So *That’s* Where They Are

One of the more curious aspects of our Age of Credulity is the complete and utter faith postmoderns put in the notion that antiquity set about a massive project of inventing twelve fictional apostles and then scattering their graves all over the Mediterranean and building shrines to them. There’s no need to even check to see if this far-fetched thesis is might be problematic. It’s. Just. True. And Christians are gullible fools if they think, even for a second, that the reason the shrine grew up is because somebody that mattered a lot to the early Christian community in that area is buried there.

Nobody does this with mummies buried in the Valley of the Kings. When the shrine inscriptions tell you Imhotep is buried there, people pretty much say, “Hey! Look! Imhotep’s mummy!” But for some weird reason, when you open a tomb beneath the high altar of St. Peter’s (inscribed “Peter is Within”) and find the bones of a crucified man, postmoderns say, “That could be *anybody*” and assume that it is, in fact, anybody but Peter, who many are not even sure existed. And, of course, from that amazingly credulous skepticism come the even more amazingly credulous skepticism that 12 fictional people invented the even more ficional Jesus of Nazareth.

We truly live in an age that will believe anything, except the obvious. Point out the tombs of the apostles, attested by a whole civilization and it’s all rubbish. Put a bone box in James Cameron’s hands and let him babble something about the Jesus Dynasty and the deeply rational postmodern mind will believe every word.

In case you are interested, James was actually the son (with Joses, Jude, and Simon (his successor to the See of Jerusalem) of Cleopas (the Emmaus disciple) and “Mary, the wife of Clopas). Not a sibling of Jesus.

  • Benjamin

    There’s a big gap between “they never existed” and “everything the Roman Catholic Church says about them is true”.

    The tombs could very well be phony. That’s been known to happen with relics before, has it not?

    • Mark Shea

      The Catholic Church says very little about most of the apostles for the very good reason that the tradition doesn’t preserve all that much. And indeed, even what the Church preserves is offered precisely in the form of small T traditions such as Andrew waa crucified on an X shaped cross. Nothing in particular to gain from such a tradition and no reason to invent it. Simply a historical memory from the early Church. The only people who find it absurd or crazy a priori are, well, people like you Benjamin, who are credulous skeptics assuming that anything pertaining to the historical memories of early Christians are to be rejected, not accepted as ordinary human testimony is, in all other cases, like to preserve something rather than nothing.

      • NoahLuck

        > The only people who find it absurd or crazy a priori are, well, people like you Benjamin, who are credulous skeptics assuming…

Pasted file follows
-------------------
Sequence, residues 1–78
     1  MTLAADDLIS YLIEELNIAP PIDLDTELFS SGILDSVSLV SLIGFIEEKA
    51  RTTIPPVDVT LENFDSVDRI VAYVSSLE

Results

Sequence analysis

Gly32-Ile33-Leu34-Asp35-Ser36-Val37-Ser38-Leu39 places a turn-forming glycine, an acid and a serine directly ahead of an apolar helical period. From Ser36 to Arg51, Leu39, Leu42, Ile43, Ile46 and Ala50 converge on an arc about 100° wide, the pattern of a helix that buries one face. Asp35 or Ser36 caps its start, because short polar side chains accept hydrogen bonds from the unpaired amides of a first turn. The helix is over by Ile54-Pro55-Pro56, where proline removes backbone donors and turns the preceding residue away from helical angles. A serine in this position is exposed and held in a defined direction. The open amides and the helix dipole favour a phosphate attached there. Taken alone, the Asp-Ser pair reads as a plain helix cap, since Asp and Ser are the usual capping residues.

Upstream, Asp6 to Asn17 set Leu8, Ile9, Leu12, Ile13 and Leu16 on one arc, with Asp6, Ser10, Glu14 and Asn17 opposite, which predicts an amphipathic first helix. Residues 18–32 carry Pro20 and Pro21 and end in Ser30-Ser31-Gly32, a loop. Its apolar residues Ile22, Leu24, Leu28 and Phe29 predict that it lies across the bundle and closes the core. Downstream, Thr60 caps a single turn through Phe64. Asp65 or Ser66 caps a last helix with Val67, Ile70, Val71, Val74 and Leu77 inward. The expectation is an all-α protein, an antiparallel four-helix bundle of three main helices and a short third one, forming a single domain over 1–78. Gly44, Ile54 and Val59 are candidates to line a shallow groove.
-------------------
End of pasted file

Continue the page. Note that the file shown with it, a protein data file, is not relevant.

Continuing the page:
Psychologizing away someone’s genuine critique is a poor substitute for thinking.

        • ivan_the_mad

          Gratuitous assertions constitute a genuine critique? There certainly is a poor substitute for thinking at work here …

    • Dan C

      One of the sources I recommend is Mary Karr’s essay “Facing Altars: Poetry and Prayer” by Mary Karr. It is a sense of understanding the development of how one comes to this concept of faith.

      One of the witticisms of Mr. Shea is that “all faiths are equally superior to the Catholic faith.” It is a reflection of how often in common discourse and routine information sharing, one gives credence or at least passing respect and acknowledgement to the individual who says they were “listening to God in the wind” more than, “I spent lunch at Adoration at St. John’s.” It is just the bigotry of the day.

      So, should one feebly hand wave over minor superstitions or give routine respect to Native/First Nations traditions but dismiss pretty aggressively Catholic traditions shows more than minor imbalance in critiques.

      As Catholics, we routinely acknowledge our belief that Jesus was God fully, not an avatar as Lord Krishna, but fully God and fully human, that He died, that He was bodily raised in a way we all can look forward to, and that the Eucharist is this same Jesus, again fully God, come to us in the Divine Banquet and Holy Passover we call the Mass. Then we eat Him. This is what would be capital “t” Tradition.

      A few rare miracles and St. Thomas levitating, and St. Martin de Porres bilocating are really very small leaps after all the Jesus stuff above. Theses are all little “t” tradition and not binding and somewhat insignificant and should not be distracting from the focus of the capital “t” Tradition noted.

      I recommend Mary Karr’s essay in the journal Poetry. She is a compelling writer who, even if you disagree with her, you may find a “hook” to at least engage her. The essay begins:

      “To confess my unlikely Catholicism in Poetry—a journal founded in part on and for the godless, twentieth-century disillusionaries of J. Alfred Prufrock and his pals—feels like an act of perversion kinkier than any dildo-wielding dominatrix could manage on HBO’s “Real Sex Extra.” I can’t even blame it on my being a cradle Catholic, some brainwashed escapee of the pleated skirt and communion veil who—after a misspent youth and facing an Eleanor Rigby-like dotage—plodded back into the confession booth some rainy Saturday. ”

      That grabbed me.

      • Benjamin